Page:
Brahmi script

The ancient Indian Brahmi script is the forerunner of more than a hundred Indian scriptures, a combination of syllabic and alphabetic writing, according to more recent name a Abugida.


In addition to independent vowel signs for the letters the other vowels are represented by modifications of the preceding consonants. Here, a is an inherent vowel. The arrangement of the characters in the alphabet is a well thought-out classification based on place of articulation and manner of articulation after.


The oldest evidence of the Brahmi script are located throughout India on inscriptions of Emperor Ashoka (3rd century BC), which are partially written in Aramaic, and Greek magadhischer. These rock edicts proclaiming the Buddhist faith and documented by their placement the enlargement of Mauryareiches. It is believed that writing was invented only in the Middle Indic language period. Probably the Brahmi was even commissioned by Ashoka. Older texts were for centuries transmitted orally and only written down later.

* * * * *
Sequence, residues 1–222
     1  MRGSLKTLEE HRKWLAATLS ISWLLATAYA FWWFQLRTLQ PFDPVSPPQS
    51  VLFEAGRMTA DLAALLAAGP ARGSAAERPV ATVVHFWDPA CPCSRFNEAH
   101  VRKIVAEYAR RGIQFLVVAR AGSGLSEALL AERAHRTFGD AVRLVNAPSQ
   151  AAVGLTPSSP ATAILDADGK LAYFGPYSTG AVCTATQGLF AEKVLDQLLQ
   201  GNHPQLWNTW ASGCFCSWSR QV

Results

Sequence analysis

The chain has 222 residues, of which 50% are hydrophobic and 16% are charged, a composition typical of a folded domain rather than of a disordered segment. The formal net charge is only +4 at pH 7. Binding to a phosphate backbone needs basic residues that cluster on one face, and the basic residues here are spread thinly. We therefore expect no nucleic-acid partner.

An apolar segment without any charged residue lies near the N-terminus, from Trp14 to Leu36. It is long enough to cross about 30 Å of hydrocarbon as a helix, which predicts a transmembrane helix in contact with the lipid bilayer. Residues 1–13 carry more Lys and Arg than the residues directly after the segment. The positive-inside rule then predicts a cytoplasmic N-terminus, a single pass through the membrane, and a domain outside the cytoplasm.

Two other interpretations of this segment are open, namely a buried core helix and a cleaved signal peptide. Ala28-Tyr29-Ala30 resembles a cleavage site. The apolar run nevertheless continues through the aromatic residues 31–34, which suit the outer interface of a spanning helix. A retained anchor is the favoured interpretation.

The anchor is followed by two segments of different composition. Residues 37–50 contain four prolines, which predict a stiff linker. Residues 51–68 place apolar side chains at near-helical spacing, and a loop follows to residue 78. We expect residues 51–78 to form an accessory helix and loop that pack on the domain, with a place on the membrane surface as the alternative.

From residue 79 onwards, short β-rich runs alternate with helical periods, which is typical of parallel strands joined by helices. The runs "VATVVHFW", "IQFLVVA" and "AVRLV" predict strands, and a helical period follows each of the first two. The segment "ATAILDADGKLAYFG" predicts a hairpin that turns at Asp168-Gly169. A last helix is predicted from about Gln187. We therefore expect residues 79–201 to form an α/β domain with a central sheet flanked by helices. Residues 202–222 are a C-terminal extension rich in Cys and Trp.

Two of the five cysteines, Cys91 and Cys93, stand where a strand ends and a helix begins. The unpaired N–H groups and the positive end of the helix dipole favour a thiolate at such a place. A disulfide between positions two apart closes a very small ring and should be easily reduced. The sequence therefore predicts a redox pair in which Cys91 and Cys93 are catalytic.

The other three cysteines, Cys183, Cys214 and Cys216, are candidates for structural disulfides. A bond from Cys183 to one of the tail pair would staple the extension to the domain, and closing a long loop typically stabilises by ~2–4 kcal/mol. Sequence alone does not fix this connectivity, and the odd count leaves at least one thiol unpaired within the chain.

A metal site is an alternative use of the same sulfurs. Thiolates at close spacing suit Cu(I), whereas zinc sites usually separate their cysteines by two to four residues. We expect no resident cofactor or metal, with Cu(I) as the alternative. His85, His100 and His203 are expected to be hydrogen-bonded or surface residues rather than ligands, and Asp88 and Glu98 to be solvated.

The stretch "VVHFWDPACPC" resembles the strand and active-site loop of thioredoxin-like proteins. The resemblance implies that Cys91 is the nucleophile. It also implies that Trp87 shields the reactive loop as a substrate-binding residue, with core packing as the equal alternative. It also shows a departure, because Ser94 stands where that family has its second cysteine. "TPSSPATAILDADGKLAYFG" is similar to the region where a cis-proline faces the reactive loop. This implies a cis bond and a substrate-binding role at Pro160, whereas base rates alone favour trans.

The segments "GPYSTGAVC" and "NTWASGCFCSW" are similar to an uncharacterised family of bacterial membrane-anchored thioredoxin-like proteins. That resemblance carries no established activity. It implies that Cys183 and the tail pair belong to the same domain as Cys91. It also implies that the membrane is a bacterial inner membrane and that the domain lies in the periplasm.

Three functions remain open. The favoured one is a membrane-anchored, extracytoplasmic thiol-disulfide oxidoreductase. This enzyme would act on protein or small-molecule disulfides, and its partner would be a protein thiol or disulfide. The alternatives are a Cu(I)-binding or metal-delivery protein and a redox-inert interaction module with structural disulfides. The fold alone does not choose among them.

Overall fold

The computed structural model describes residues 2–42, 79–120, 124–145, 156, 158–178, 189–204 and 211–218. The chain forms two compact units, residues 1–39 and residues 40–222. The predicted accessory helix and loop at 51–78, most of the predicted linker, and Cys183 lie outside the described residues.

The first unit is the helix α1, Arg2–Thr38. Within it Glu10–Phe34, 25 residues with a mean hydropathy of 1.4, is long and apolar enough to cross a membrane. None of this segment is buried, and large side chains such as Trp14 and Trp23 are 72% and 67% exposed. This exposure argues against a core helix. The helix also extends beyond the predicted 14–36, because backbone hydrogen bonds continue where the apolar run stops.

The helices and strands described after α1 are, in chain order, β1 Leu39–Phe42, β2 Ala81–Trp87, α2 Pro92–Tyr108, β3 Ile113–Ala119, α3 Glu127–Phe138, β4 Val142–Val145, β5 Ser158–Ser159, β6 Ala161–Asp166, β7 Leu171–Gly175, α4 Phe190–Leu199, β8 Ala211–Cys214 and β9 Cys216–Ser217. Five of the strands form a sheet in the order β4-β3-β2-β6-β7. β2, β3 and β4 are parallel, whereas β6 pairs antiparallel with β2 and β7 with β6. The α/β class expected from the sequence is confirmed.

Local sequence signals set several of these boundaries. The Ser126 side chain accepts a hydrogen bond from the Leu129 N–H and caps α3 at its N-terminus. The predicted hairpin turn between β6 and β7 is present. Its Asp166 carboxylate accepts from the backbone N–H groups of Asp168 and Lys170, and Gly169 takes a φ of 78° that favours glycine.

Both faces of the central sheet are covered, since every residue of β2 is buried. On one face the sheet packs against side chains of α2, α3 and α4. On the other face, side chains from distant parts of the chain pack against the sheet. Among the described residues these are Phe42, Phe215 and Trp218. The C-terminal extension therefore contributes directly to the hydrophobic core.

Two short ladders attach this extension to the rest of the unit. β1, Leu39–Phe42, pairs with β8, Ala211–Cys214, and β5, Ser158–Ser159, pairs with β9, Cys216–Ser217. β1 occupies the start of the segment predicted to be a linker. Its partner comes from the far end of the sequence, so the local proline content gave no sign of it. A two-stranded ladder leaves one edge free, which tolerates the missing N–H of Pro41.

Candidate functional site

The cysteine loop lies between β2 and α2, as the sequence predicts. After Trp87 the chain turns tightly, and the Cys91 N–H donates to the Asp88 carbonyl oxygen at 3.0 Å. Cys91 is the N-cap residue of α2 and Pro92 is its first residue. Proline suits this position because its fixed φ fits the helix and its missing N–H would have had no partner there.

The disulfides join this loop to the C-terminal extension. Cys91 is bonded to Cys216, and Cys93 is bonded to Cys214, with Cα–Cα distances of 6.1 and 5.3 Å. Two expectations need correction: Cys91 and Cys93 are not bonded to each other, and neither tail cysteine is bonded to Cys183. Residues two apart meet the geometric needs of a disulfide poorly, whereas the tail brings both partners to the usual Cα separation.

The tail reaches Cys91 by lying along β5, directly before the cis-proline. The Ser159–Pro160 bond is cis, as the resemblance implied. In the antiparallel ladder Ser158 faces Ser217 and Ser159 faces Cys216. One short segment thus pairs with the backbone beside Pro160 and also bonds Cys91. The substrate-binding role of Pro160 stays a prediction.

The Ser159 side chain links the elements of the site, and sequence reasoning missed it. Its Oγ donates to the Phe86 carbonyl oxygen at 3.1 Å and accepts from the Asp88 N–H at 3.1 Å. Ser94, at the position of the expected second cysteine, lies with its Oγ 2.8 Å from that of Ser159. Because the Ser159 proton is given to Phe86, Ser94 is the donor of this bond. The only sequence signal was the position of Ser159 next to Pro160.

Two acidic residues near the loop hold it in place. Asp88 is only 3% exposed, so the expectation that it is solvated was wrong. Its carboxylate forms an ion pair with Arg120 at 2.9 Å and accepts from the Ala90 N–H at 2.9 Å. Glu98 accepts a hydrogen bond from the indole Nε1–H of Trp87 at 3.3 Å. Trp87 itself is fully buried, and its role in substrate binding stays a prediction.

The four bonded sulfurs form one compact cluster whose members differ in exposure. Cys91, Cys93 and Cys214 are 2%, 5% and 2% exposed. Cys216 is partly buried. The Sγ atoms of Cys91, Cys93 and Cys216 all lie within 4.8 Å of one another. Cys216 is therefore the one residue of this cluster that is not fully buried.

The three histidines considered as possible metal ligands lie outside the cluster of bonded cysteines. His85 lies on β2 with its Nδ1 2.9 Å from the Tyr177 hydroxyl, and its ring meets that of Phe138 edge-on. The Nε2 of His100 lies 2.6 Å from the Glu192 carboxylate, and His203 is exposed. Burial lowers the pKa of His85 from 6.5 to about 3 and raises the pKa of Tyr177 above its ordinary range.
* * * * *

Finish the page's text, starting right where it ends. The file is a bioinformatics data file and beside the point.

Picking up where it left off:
At the same time also became emperor Ashoka uses the Kharoshthi font in inscriptions (8th -6th centuries BC ) harks back to an Aramaic model and how this is counter-clockwise, but is only found in northwestern India.


A small number of researchers wants to return the Brahmi script to the 3rd millennium BC dated Indus script, to which, however, no intermediates were found. Another is in the research as much more likely held view that the creators of the Brahmi script ideas of Semitic writings, most likely the Aramaic script (as well as the Greek alphabet is called ) have taken over and developed on the basis of this principle, its own font.

Depending on various writing materials, the font already developed further in the following centuries. Although the shapes significantly altered, the basic principle has been retained.


In Unicode character in the Unicode block are Brahmi (U 11000 to U 1107 F) encoded.